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Designing buildings with sustainable features to minimise negative environmental impacts is a familiar concept. However Royal Haskoning is aspiring to go one step further by applying the ‘Cradle to Cradle®’ approach to create a conceptual model for a primary school that will be a world away from concrete playgrounds, fluorescent strip lights and overheated classrooms.
Leading this innovative piece of internal research is Matthew Hunt, Royal Haskoning’s Principal Consultant for Climate Change and Sustainability.
“It’s not just about being sustainable – it’s about making smart decisions by enhancing the value of the learning environment for our children.”
Matthew Hunt, Principal Consultant for Climate Change and Sustainability, Royal Haskoning
Matthew explains: “Cradle to Cradle®, is a relatively new idea, and although its principles are broad and wide-ranging, many of its aspects in application can still seem a bit conceptual. Our aim is to apply Cradle to Cradle® to a tangible product to demonstrate how the ideas would realistically work on the ground and, more importantly, the processes you need to go through from the very earliest stages.
“A primary school has a clear purpose, with no industrial processing to take into account. Our research will mainly focus on the building and its function. However it will also be interesting to take into account how the principles of Cradle to Cradle® could be reflected within the school’s curriculum, and influence the lives and careers of its pupils as the next generation.”
The three main principles of Cradle to Cradle®, an idea presented in the book Cradle to Cradle by William McDonough and Michael Braungart, are to use waste as food, to celebrate diversity (rather than rely on one-size-fits- all solutions) and to use only renewable energy. Applying the theory behind these principles to what may become a future real life product, is the challenge for Matthew and his team.
“We will be looking at many interacting issues, such as where building materials could come from, the design and construction process, how the school operates, and how people interact with it. The research will be a pilot to see what can be achieved realistically and to identify limitations in the materials and technology available.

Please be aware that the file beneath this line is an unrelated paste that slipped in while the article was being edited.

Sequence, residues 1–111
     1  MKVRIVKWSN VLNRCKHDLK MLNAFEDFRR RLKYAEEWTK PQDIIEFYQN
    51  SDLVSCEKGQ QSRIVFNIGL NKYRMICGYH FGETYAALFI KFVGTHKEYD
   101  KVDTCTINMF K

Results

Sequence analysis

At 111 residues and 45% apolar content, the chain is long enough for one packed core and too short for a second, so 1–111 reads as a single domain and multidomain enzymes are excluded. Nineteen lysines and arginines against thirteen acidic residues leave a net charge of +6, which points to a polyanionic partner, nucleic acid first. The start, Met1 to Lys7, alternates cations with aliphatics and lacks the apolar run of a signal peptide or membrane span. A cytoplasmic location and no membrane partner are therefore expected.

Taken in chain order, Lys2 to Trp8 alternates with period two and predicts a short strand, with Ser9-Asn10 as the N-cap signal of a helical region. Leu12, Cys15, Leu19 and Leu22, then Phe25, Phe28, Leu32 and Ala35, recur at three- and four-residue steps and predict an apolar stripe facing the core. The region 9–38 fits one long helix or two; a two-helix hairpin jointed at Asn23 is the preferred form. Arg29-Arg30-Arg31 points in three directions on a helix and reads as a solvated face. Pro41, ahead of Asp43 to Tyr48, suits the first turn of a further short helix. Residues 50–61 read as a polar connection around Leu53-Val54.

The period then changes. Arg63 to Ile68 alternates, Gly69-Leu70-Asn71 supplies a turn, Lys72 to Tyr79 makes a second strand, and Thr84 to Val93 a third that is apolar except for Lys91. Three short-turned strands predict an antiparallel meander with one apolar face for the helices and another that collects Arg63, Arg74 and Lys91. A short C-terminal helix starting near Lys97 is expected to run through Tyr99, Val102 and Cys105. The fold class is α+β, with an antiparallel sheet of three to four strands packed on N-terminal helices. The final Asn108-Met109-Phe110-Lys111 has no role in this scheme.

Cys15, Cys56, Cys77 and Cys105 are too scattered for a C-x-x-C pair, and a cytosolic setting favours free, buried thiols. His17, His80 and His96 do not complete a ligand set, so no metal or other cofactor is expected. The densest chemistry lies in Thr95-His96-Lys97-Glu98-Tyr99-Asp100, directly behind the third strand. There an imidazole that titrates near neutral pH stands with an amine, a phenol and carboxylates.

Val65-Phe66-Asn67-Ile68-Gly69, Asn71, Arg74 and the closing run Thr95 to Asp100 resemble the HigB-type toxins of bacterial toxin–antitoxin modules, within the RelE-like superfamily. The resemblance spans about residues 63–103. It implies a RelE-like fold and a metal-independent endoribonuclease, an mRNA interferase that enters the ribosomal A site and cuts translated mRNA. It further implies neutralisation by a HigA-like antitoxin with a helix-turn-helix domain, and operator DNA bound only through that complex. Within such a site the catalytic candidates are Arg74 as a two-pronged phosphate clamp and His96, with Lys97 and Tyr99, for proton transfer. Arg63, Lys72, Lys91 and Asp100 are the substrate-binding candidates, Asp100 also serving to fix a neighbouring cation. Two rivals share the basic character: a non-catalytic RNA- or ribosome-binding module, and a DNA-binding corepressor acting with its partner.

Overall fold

“To achieve a truly Cradle to Cradle® primary school all materials used in its construction and function – from the bricks and mortar to the paper the pupils write on – would be sourced according to the environmental and social footprint they leave. Everything has a supply chain that connects it to something else, and uses resources such as water, energy, people, or produces pollutants. “Construction materials will ideally be biologically based, and sourced locally from environmentally positive supply chains. Cradle to Cradle® emphasises the idea of continuous cycles, so materials must have the capacity to be composted or ‘upcycled’, where they are separated and reused in their original form. This ensures they maintain, or even increase, their value through the materials life cycle. “For example, chairs moulded from different types of plastic would not be chosen, as the original materials cannot be separated and reused. The building itself also needs to be easily deconstructed when it is no longer required so the original materials can be recovered. A Cradle to Cradle® way of reusing the bricks would be to deconstruct the building and reuse its bricks elsewhere in their original form. But non-toxic and biologically based building materials could just be composted at the end of the building’s use.
“The team will also be looking at renewable energy, and identifying processes that closely follow Cradle to Cradle® principles. Drawing all our energy needs from the current solar income does mean that fossil fuels are not burned.
“However there is a technological challenge at the moment as solar panels themselves are not reusable or upcyclable, and require a range of scarce materials in their construction. Our challenge is to be clear about the limitations of what we can achieve, and where there are clear areas for future research and development, whilst at the same time embracing as many Cradle to Cradle®-inspired aspects as possible.
“We are anticipating that the research stage will take a few months, and then we can examine potential feasibility. It will be an interesting challenge as we are starting with a blank canvas. Cradle to Cradle® is not very well known in the UK and other countries yet, but we are aiming to reflect its principles as accurately as possible within our theoretical primary school. This will help us to explain the true long-term benefits of taking a Cradle to Cradle®- inspired approach in a clear and tangible way.
“It is not about making a school that will look different, but more about the materials it’s made of, how people feel, work and interact when they’re in it, and the feel of the building. Cradle to Cradle® is not just about being sustainable, it’s about having positive footprints and making financially smart decisions by enhancing the value of the learning environment for our children.”